A modern-day Tom Paine, when writing "these are the times that try men's souls," would be writing about the case of Crime vs. The People and how murders, especially the number of unsolved ones, strike fear into a populace.
It doesn't matter if the Justice Department announces that, overall, "crime is down" nationally. This is true. Yet in some urban areas and some states (including Georgia) the murder rate isn't down.
In Augusta the grisly killing of a 21-year-old U.S. Army sergeant, Marni Glista, has rocked her Oakridge Drive neighborhood and citywide confidence in the Sheriff's Department. It has been over a week since the vicious attack on the Fort Gordon soldier at her residence, and major questions surround the crime.
First and foremost, what is taking so long for Sheriff Charlie Webster to publicly reassure Augustans that all possible leads are being pursued?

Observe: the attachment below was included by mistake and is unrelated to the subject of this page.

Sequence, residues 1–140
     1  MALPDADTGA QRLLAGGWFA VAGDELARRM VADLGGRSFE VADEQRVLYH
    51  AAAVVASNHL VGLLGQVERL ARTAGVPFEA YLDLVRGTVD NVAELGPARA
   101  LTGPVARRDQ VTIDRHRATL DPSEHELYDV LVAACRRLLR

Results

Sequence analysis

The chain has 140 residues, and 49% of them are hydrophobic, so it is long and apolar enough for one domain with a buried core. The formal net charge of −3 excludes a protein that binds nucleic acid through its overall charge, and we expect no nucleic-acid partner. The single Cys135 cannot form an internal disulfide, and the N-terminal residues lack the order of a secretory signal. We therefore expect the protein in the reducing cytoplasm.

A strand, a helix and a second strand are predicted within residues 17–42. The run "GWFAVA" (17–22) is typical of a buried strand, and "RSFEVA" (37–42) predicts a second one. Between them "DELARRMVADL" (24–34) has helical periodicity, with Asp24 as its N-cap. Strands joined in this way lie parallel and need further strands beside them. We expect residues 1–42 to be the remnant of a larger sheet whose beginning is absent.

Second, can he at least reassure the city that a serial killer isn't loose? And, if one has struck in our town, why in the name of public safety isn't Webster saying so?
Silence isn't golden; it's a community disservice.
Certainly, no one - including this newspaper - wants to ruin the extensive police work occurring on the Glista case. The community simply deserves some explanation. For a week, there has been nothing. Law enforcement investigative work continues. But in terms of public relations, Sheriff Webster is getting - and deserves - a black eye.
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